The recently announced World Economic Forum’s Energy Transition Index 2021 has ranked Denmark, Finland and the United Kingdom among the top 10 countries that are well on their way to transition from fossil-based energy mix of oil, natural gas and coal to renewable energy sources like wind, biogas, biomass, solar and renewable battery technology.
The 50 top-ranking nations in this category are mostly European countries. In the process many of these nations have already reached the mark to provide their consumers a reliable, environment-friendly and cost-effective source of energy while the other nations in the category are well on their way. They have exploited all available resources to generate energy — be it garbage, storm water, whatever little sunshine they have, wind, waves and other available sources. The quest for identifying newer resources and the technology in the sector continues.
Ironically, of the 115 nations that have been ranked by WEF, Pakistan is ranked 104th. This is so in spite of the fact that the country is blessed with abundance of sunshine, heaps of garbage, water resources to generate energy from run of the river and mega hydropower plants and corridors to harness wind energy. But, in spite of the immense potential, the country currently only produces a meagre 1.16% of its electricity through solar, whereas 64% is still from fossil fuels as per available data of 30 Apr-2021.
For a comparable comparison, if one looks in the region, India is world’s 3rd largest consumer of electricity and world’s 3rd largest renewable energy producer with 38% (136 GW out of 373 GW) of total installed energy capacity in 2020 from renewable sources. Ernst & Young’s (EY) 2021 Renewable Energy Country Attractiveness Index (RECAI) has ranked India 3rd behind the USA and China.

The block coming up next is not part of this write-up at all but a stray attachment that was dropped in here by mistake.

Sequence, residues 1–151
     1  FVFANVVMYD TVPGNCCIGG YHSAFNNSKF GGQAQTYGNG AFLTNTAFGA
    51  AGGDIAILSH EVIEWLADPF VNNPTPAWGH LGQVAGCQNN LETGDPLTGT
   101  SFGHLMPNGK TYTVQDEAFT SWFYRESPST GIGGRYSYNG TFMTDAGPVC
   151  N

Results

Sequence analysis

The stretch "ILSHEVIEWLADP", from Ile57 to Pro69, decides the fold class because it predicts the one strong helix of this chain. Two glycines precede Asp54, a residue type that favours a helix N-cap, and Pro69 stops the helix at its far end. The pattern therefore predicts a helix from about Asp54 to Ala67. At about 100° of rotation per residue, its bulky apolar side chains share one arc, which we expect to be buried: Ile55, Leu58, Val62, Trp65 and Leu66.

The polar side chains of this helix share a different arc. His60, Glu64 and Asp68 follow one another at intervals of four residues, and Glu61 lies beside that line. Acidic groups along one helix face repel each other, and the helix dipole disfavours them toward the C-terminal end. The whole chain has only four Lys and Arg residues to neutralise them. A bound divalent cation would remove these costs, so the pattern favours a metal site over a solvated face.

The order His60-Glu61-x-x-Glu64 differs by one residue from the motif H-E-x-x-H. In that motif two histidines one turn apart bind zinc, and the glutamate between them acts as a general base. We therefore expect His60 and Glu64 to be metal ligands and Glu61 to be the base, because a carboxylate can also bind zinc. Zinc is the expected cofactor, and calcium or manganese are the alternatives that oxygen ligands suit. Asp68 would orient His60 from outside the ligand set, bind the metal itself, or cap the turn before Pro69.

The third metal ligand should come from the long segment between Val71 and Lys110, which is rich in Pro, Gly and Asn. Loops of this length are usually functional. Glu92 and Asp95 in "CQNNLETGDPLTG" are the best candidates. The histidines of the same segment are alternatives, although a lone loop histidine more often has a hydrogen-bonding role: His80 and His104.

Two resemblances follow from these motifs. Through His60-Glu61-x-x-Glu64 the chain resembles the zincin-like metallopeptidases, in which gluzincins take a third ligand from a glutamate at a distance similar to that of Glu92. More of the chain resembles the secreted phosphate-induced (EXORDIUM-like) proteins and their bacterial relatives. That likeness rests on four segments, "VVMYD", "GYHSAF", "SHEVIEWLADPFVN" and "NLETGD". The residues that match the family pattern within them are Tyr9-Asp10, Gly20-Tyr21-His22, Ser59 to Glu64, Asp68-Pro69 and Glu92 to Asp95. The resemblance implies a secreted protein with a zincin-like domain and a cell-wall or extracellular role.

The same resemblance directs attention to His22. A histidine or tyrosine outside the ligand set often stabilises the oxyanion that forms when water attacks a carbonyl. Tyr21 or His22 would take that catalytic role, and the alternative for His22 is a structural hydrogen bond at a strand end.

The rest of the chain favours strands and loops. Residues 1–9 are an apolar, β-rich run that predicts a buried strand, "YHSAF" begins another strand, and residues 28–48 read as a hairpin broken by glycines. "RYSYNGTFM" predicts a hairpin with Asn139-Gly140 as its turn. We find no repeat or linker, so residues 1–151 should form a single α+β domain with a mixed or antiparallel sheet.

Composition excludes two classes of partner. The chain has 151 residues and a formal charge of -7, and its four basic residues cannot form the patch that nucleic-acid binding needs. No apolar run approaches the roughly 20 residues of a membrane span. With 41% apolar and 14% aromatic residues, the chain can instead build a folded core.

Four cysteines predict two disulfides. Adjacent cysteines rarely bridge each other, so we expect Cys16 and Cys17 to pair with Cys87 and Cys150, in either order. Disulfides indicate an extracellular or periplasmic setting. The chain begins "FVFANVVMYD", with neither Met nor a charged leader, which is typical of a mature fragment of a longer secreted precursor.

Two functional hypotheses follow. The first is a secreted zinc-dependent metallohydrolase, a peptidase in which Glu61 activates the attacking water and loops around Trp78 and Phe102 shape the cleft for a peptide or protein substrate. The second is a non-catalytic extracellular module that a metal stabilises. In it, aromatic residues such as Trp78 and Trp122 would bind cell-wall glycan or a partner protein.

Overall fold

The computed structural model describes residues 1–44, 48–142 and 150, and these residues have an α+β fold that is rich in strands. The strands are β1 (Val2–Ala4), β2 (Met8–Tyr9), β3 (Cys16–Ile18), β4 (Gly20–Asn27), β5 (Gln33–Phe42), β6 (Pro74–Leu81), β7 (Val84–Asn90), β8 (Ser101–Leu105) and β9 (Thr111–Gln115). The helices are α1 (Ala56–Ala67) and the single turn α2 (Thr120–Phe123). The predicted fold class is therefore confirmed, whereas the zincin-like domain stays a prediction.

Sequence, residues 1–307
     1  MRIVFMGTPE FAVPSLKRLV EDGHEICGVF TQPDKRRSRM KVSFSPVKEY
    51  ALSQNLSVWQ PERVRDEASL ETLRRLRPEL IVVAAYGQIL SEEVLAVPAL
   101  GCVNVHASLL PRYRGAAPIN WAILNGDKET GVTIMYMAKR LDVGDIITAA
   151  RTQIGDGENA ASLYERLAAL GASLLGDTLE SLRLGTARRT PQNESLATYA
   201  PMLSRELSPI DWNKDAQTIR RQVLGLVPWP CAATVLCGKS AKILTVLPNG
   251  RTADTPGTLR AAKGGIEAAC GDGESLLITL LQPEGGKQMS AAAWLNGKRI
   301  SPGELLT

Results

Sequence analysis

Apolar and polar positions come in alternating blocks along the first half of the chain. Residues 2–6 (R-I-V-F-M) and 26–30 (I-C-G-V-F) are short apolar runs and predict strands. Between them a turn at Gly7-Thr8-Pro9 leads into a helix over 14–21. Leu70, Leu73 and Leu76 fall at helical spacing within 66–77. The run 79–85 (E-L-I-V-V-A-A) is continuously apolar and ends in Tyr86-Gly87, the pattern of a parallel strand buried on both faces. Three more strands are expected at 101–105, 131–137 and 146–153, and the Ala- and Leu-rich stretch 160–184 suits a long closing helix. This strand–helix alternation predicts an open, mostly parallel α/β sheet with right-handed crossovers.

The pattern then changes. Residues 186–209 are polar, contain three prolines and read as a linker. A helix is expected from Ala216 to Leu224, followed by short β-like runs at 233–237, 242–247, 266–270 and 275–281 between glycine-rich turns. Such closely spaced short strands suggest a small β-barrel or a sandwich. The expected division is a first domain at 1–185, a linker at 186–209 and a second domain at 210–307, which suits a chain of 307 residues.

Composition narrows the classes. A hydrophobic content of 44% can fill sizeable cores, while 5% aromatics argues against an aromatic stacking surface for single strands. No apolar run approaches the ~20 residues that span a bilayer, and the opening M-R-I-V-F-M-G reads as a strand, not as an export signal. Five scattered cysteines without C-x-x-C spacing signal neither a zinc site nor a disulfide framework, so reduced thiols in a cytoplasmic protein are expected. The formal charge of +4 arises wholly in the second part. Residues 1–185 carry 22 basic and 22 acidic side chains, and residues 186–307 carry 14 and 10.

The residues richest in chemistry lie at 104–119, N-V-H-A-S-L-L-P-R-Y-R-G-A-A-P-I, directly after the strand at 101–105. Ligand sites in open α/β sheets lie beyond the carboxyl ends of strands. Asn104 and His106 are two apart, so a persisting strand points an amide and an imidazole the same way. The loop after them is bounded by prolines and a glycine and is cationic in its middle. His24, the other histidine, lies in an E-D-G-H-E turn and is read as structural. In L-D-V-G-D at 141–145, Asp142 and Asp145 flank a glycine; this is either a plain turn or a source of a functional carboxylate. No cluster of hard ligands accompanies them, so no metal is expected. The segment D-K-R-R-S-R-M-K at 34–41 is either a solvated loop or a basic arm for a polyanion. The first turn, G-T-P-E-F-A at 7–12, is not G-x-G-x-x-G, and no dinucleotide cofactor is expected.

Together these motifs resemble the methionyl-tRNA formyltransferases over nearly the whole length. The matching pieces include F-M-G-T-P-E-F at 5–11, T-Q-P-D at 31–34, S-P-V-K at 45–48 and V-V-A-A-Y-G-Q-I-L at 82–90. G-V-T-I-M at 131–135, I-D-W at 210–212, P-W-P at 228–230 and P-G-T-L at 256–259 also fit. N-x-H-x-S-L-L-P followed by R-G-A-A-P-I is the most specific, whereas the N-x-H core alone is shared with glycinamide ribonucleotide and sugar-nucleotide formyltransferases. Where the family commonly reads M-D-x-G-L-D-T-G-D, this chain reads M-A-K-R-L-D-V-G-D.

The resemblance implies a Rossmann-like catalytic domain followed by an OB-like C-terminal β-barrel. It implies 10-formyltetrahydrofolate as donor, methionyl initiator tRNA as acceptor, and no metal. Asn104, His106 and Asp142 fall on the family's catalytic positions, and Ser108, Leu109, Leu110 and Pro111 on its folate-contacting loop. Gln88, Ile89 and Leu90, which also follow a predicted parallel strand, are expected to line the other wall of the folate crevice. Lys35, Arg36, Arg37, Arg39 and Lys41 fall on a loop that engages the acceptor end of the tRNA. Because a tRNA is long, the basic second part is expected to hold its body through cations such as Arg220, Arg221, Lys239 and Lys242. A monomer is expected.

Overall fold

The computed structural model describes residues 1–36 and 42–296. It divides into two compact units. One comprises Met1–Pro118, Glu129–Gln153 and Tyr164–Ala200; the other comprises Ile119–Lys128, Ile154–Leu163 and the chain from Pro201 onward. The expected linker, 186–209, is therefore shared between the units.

Alternate Energy Development Board (AEDB) of Pakistan was established in 2020 with the mandate to reduce government dependence on fossil fuel and its gradual replacement with renewable energy. The delivery of AEDB has been pathetic and its present status is virtually of a non-existent entity.
The focus of successive governments, in all these years, has been on thermal power with an influx of all sorts of Independent Power Producers (IPPs) based on oil and lately on coal and LNG. As a consequence, today, Pakistan produces the most expensive electricity in the region, if not in the world.
The industry, therefore, finds it extremely difficult to afford its cost. Moreover, there exists a circular debt of Rs 2.3 trillion, which is denting nation’s fragile economy. Whereas, development in renewable energy remains depressing. In short, country’s energy sector is still in a terrible mess while the energy planners are clueless.
Some industrial and residential consumers have invested in solar systems on their premises as complimentary to national supply under the net metering policy of the government. Nations which have excelled in transition to renewable energy incentivised the private sector to step in and they did. As a consequence, businesspeople invested, earned a healthy return on investment and provided the consumers quality electricity with affordable tariffs in a deregulated market driven by quality of service and offered tariffs.
It is important to note that neither Private Power Infrastructure Board (PPIB) nor National Electric Power Regulatory Authority (Nepra) has truly incentivised the private sector to venture into the sector. Successive governments have aimlessly doled out billions of rupees in the shape of gas and power to textile and export industry in particular. Unfortunately, however, they have failed to come up with a realistic financial plan aimed at incentivizing potential investors in renewable energy.